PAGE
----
My laptop blew up some time ago and I just now got around to trying to fix it. It popped when I plugged it in so I assume it was a capacitor that blew. I think I have identified this as the culprit as the voltage across the pins is zero, when plugged in and there is a “+” on one of the pins. However, I do not know anything about the component. It looks like a capacitor, but I am not sure. Any help about replacing this would be much appreciated. The component is 0.246 in in diameter, and about 0.186 inches tall off the mother board. It seems to sit on a plastic squarish base.
It is a 330uF 2.5V capacitor. Probably an aluminum electrolytic capacitor. We have a few aluminum electrolytic capacitors with the same footprint, but they are somewhat taller, at 0.240". If you can tolerate that extra height, here is the nearest match we currently stock:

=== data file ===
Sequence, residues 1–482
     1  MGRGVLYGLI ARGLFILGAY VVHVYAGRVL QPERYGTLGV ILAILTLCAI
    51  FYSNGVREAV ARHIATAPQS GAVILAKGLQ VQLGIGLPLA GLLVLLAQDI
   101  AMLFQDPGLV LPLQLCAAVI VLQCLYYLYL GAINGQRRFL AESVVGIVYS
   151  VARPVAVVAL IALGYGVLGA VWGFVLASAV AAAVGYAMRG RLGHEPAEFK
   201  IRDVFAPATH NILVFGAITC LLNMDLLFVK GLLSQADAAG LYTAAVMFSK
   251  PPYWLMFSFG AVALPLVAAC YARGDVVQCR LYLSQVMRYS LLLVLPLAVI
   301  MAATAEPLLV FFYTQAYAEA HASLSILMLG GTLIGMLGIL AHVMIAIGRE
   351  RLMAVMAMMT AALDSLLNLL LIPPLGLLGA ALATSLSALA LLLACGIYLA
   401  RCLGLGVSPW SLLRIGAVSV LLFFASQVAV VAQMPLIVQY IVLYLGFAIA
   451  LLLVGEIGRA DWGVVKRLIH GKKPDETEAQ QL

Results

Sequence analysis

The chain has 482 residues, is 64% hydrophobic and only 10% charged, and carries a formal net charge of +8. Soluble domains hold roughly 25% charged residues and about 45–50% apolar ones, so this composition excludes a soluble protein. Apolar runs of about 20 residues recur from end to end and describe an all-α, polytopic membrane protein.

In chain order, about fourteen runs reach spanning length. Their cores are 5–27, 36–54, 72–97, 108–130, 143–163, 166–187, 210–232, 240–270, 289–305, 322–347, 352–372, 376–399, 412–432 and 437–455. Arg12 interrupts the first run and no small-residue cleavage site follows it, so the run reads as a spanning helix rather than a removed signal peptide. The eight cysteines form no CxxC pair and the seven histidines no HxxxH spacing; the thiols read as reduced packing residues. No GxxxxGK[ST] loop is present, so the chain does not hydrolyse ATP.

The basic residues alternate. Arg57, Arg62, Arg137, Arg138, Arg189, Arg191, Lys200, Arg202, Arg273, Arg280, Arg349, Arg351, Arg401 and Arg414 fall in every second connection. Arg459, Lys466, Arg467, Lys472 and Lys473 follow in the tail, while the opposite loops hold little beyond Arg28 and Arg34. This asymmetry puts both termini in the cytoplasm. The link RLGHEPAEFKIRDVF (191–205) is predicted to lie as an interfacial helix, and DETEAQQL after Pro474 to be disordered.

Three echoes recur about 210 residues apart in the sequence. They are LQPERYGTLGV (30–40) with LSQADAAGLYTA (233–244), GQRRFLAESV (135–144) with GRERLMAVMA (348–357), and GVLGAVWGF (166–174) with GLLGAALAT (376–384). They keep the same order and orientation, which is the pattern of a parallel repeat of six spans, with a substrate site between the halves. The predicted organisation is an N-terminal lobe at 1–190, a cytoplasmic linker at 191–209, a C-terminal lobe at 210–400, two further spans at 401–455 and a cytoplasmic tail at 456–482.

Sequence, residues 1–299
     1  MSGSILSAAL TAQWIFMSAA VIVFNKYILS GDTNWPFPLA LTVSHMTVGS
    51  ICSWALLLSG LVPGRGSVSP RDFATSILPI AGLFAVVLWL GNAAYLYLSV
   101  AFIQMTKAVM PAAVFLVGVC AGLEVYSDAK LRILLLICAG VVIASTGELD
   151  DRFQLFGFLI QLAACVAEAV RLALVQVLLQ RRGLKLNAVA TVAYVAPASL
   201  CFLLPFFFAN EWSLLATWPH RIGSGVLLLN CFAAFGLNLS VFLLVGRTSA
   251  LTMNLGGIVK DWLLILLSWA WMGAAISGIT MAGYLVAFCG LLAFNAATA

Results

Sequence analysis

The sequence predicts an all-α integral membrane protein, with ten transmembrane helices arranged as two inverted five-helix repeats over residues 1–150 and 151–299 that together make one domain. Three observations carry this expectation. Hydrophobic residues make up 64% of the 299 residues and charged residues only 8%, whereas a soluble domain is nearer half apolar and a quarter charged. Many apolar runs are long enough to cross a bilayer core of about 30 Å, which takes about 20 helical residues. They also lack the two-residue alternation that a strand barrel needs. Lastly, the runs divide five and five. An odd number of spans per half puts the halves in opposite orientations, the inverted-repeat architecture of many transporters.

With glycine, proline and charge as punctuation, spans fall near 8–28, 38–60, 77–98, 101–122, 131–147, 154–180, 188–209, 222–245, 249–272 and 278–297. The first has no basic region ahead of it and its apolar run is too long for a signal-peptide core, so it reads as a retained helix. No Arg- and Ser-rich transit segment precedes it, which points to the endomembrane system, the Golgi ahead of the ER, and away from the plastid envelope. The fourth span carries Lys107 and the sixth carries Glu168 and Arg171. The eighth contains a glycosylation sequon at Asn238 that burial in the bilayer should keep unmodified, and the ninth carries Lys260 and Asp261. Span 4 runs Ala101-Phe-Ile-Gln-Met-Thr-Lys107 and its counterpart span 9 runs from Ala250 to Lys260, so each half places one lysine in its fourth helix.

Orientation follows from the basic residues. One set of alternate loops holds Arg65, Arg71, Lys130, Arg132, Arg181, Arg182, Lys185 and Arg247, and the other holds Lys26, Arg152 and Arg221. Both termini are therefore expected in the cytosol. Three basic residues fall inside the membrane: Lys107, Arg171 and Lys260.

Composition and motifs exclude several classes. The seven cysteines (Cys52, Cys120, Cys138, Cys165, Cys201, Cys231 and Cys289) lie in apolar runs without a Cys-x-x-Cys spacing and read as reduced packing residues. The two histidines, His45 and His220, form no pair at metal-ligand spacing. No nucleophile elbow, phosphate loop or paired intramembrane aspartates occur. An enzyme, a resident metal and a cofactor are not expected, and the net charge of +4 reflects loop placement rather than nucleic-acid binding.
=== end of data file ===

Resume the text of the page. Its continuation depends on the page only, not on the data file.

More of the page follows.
- EEE-FT0J331AL 330uF 6.3V, 0.248" Diam 0.240" height
It has the same capacitance value and a higher maximum voltage rating of 6.3V. This higher voltage rating and extra volume should help improve its capability relative to your original part.
We also carry aluminum polymer capacitors with the same diameter. These are, in most cases, an upgrade in performance, but there are rare occasions in which they may not be suitable. If you cannot use the previously mentioned capacitor because of its height, then you might consider one of the following: